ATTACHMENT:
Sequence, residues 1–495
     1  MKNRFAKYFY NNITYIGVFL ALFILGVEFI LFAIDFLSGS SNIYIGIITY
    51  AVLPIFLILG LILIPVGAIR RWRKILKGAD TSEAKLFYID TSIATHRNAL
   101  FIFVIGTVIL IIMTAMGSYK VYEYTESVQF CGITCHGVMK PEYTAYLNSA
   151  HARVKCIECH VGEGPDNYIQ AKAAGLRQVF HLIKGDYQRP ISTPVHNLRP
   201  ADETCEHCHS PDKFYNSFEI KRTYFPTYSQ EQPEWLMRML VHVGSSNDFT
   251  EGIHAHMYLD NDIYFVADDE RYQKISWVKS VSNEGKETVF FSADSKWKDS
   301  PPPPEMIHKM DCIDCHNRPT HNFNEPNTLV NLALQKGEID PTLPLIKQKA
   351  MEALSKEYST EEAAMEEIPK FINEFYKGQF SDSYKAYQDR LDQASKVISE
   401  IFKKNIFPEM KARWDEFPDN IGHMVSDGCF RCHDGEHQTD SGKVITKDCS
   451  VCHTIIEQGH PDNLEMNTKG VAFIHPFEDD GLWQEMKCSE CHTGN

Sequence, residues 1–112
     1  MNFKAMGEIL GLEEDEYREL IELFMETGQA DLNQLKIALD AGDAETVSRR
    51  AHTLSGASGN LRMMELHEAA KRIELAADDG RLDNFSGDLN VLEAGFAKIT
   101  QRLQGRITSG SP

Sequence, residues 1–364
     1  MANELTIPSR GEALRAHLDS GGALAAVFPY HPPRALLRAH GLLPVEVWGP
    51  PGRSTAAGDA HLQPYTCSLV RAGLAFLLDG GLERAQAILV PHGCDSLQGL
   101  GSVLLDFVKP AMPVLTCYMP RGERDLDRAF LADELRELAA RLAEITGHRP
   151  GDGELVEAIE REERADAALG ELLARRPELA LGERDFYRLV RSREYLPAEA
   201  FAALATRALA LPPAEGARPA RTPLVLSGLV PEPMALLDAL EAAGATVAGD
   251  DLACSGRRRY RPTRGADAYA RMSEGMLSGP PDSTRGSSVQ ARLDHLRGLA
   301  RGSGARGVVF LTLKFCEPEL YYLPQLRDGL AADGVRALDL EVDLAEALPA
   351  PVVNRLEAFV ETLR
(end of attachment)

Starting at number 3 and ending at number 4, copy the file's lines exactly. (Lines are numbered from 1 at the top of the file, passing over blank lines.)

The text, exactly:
    51  AVLPIFLILG LILIPVGAIR RWRKILKGAD TSEAKLFYID TSIATHRNAL
   101  FIFVIGTVIL IIMTAMGSYK VYEYTESVQF CGITCHGVMK PEYTAYLNSA